Valentine’s Day. I used to make trays of heart-shaped cookies with pink icing and hand them out to family, friends, strangers. Until once I left a lovingly wrapped an ribboned package in the postbox of someone I had a crush on. When I coyly asked him, weeks later, whether he’d had any sweet surprises on Valentine’s Day, he said no, nothing. Then he thought for a second and said, “Well, unless you count some biscuits that arrived in the postbox. But I think they were an advertising ploy. Either that, or they could have been a poisoned gift from my flatmate’s ex-wife.”
“What happened to them?” I asked.
“I think they just sat there for a few days, and eventually we gave them to the cleaner,” he said.
So much for coy hinting. I had to find more explicit ways of cracking that particular nut.
The last few years have not involved cookie-making. One smart friend tells me that if you want to play the game of rituals this day presents, the best you can possibly hope for on Valentine’s Day is an unexpected bunch of flowers (or card or Godiva chocolates) from someone lovely and not too scary. The last few years have not involved those either. I was intrigued, however, to receive several Valentine’s text messages. The most peculiar of which said “Hope you have a great Valentine’s.”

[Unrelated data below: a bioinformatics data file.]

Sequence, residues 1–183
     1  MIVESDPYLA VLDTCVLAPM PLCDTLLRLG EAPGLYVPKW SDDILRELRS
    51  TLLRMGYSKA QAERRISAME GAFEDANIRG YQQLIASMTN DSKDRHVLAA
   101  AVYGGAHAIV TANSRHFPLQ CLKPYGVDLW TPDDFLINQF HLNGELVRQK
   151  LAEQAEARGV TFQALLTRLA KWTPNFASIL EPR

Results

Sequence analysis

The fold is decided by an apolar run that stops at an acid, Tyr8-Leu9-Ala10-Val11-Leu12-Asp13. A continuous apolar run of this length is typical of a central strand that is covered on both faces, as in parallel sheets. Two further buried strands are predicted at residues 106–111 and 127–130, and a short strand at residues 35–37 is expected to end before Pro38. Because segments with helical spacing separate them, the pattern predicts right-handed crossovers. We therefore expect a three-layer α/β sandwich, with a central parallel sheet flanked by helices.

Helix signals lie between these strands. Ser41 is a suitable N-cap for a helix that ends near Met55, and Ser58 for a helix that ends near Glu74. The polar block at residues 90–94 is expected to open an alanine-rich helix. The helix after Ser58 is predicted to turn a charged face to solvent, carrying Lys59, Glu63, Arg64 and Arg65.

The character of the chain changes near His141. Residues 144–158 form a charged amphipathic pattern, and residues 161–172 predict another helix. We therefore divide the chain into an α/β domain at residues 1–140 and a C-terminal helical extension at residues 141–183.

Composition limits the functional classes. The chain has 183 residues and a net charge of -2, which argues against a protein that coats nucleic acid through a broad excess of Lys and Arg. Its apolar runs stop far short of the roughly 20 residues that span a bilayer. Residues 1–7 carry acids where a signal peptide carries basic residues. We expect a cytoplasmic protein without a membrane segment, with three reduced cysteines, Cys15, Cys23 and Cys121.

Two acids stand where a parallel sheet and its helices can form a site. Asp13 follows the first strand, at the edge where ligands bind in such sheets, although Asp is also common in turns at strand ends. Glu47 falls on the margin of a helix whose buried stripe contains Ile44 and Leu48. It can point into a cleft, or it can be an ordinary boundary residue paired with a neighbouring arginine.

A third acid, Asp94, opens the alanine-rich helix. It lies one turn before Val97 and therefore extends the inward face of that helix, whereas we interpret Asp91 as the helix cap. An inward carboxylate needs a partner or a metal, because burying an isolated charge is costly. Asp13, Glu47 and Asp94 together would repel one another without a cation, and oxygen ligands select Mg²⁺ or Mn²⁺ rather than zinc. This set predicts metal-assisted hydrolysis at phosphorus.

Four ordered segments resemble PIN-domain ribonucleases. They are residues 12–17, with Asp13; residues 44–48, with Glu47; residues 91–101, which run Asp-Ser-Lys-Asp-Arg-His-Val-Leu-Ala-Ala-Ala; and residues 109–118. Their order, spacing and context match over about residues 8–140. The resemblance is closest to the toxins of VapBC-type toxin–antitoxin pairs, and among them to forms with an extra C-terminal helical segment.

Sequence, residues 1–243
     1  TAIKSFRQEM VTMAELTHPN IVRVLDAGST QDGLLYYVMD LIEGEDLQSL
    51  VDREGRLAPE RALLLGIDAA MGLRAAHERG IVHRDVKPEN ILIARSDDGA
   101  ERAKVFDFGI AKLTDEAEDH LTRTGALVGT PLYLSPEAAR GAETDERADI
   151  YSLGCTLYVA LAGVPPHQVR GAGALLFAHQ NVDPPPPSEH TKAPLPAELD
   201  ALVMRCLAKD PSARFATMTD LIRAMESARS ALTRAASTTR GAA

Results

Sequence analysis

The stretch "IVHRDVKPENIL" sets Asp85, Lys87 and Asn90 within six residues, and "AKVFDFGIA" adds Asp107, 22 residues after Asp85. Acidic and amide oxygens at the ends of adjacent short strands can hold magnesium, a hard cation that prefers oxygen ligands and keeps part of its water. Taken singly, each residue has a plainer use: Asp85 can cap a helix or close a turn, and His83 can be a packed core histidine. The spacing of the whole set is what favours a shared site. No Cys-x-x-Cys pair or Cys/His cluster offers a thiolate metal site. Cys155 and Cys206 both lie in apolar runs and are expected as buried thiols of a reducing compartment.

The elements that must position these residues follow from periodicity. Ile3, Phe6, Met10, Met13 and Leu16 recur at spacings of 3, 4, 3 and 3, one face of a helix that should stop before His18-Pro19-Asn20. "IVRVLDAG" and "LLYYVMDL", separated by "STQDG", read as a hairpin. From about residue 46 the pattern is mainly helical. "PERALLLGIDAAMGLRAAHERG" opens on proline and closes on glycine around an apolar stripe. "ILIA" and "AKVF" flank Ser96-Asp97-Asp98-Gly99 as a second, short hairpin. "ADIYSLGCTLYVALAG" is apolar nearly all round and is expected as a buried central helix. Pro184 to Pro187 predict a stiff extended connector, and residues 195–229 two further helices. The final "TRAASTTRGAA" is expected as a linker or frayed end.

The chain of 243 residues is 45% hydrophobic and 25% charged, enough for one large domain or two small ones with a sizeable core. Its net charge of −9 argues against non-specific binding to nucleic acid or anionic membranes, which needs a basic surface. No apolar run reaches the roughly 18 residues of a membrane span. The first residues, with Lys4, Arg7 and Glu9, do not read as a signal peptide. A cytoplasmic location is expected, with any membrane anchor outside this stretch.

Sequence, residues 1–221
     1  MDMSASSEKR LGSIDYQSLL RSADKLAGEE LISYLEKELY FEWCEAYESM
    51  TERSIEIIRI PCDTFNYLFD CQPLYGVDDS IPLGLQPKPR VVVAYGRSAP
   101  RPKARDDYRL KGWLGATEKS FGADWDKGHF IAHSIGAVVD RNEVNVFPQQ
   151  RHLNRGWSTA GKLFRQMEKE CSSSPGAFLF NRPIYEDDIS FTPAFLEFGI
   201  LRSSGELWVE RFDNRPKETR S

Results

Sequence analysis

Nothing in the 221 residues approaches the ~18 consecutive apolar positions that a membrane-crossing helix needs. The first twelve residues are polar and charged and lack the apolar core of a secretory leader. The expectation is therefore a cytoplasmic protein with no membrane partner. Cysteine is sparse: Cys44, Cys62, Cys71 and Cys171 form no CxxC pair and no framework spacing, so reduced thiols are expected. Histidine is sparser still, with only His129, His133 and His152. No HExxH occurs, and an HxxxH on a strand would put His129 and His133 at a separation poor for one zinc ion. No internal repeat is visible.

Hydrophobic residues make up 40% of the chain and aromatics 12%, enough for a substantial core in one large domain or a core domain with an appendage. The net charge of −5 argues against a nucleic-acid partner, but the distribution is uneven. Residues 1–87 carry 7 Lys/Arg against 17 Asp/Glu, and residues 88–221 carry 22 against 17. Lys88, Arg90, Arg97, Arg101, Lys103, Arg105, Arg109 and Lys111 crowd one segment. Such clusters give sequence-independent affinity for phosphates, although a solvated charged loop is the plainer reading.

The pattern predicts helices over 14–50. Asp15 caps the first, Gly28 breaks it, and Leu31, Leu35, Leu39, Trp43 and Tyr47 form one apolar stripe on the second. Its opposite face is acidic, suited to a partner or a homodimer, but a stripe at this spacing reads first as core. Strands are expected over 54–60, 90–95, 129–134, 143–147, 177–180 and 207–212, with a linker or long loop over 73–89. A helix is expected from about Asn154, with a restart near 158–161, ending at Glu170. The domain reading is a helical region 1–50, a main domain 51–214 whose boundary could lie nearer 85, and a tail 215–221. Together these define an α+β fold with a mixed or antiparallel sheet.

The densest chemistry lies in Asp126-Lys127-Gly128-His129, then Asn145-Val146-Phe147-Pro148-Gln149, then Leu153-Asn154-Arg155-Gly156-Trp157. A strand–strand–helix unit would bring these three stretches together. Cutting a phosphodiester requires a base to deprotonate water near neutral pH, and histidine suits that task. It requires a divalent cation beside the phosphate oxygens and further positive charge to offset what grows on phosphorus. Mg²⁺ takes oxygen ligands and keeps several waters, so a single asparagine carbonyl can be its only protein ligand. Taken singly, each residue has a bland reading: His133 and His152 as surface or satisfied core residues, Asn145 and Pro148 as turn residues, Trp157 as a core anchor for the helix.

I looked hard at the message, but I honestly couldn’t figure out what to do with it. I couldn’t take it out of its cellophane and put it in a vase of water to look pretty and wilt fetchingly over the next few days to suggest the fleeting prettiness of romance. I couldn’t unwrap it and try to figure out which bit contained hazelnut praline. I couldn’t even tear it up and bin it, had I been so inclined.
Can anyone tell me what this means? What exactly is this person hoping? What were they trying to do? What sort of inspired reaction were they hoping to incite? Translations welcome.